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Protocols in ecological and environmental plant physiology

 

Article << Previous     |     Next >>   Contents Vol 61(4)

Water relations of selected wallum species in dry sclerophyll woodland on the lower north coast of New South Wales, Australia

Susan Rutherford A, Stephen J. Griffith A B C and Nigel W. M. Warwick A

A Botany, School of Environmental and Rural Science, University of New England, Armidale, NSW 2351, Australia.
B Present address: PO Box 145, Old Bar, NSW 2430, Australia.
C Corresponding author. Email: stephengriffith7@bigpond.com

Australian Journal of Botany 61(4) 254-265 http://dx.doi.org/10.1071/BT13037
Submitted: 2 July 2012  Accepted: 11 March 2013   Published: 26 April 2013


 
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Abstract

The present study examined the water relations of wallum dry sclerophyll woodland on the lower north coast of New South Wales (NSW). Wallum is the regionally distinct vegetation of Quaternary dunefields and beach ridge plains along the eastern coast of Australia. Wallum sand masses contain large aquifers, and previous studies have suggested that many of the plant species may be groundwater dependent. However, the extent of this dependency is largely unknown, despite an increasing reliance on the aquifers for groundwater extraction. Fifteen species from five growth-form categories and seven plant families were investigated. The pre-dawn and midday xylem water potential (ψx) of all species was monitored over a 20-month period from December 2007 to July 2009. Pressure–volume curve traits were determined for each species in late autumn 2008, including the osmotic potential at full (π100) and zero (π0) turgor, and bulk modulus of elasticity (ε). Carbon isotope ratios (δ13C) were determined in mid-autumn 2008 to measure water use efficiency (WUE). Comparative differences in water relations could be loosely related to growth forms. A tree (Eucalyptus racemosa subsp. racemosa) and most large shrubs had low midday ψx, π100 and π0, and high ε and WUE; whereas the majority of small and medium shrubs had high midday ψx, π100 and π0, and low ε and WUE. However, some species of similar growth form displayed contrasting behaviour in their water relations (e.g. the herbs Caustis recurvata var. recurvata and Hypolaena fastigiata), and such differences require further investigation. The results suggest that E. racemosa subsp. racemosa is likely to be groundwater dependent, and large shrubs such as Banksia aemula may also utilise groundwater. Both species are widespread in wallum, and therefore have the potential to play a key role in monitoring ecosystem health where aquifers are subject to groundwater extraction.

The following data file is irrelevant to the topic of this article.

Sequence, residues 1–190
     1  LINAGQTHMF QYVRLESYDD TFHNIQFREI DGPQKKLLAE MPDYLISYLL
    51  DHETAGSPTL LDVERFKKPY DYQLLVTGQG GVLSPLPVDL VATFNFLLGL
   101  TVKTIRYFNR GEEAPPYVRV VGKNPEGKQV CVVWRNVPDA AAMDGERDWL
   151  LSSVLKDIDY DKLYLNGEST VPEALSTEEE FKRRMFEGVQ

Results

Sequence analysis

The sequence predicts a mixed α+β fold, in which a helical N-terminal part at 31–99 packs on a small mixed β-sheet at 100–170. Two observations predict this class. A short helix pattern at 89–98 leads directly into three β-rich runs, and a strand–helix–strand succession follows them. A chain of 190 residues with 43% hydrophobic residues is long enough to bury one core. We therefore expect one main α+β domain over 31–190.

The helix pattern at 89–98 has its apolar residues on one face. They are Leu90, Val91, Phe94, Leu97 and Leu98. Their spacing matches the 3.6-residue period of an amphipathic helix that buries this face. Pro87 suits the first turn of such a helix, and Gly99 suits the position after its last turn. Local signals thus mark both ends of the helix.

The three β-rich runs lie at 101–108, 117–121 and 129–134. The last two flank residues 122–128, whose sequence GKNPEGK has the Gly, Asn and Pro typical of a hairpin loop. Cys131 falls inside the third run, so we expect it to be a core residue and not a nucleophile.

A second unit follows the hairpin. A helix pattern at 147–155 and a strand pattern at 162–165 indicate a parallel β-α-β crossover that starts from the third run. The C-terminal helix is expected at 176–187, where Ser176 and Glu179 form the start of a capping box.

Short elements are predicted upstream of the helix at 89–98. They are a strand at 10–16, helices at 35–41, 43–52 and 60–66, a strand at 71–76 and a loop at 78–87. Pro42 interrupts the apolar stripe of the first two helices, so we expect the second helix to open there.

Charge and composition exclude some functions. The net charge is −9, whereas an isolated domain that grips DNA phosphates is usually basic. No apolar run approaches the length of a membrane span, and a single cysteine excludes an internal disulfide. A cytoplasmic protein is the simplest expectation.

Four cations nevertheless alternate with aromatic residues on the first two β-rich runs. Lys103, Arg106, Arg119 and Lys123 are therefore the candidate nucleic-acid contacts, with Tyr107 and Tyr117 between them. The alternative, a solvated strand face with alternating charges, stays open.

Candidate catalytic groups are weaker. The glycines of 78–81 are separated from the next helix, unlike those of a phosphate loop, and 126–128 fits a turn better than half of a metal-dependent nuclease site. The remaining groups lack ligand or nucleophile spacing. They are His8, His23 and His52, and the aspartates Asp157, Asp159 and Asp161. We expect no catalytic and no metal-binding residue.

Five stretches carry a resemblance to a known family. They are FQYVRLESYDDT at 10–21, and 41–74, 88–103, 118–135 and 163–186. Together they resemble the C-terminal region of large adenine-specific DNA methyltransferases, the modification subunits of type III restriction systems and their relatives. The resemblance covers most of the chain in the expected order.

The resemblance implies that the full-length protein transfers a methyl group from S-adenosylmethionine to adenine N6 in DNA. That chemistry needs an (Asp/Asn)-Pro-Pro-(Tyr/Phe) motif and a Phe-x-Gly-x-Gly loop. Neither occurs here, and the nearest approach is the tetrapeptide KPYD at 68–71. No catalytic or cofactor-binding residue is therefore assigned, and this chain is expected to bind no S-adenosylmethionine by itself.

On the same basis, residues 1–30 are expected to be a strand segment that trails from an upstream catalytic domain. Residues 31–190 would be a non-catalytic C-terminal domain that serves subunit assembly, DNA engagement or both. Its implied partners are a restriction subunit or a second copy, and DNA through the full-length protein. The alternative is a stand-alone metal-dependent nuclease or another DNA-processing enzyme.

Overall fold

Additional keywords: elasticity, groundwater dependency, osmotic potential, water potential, water use efficiency.


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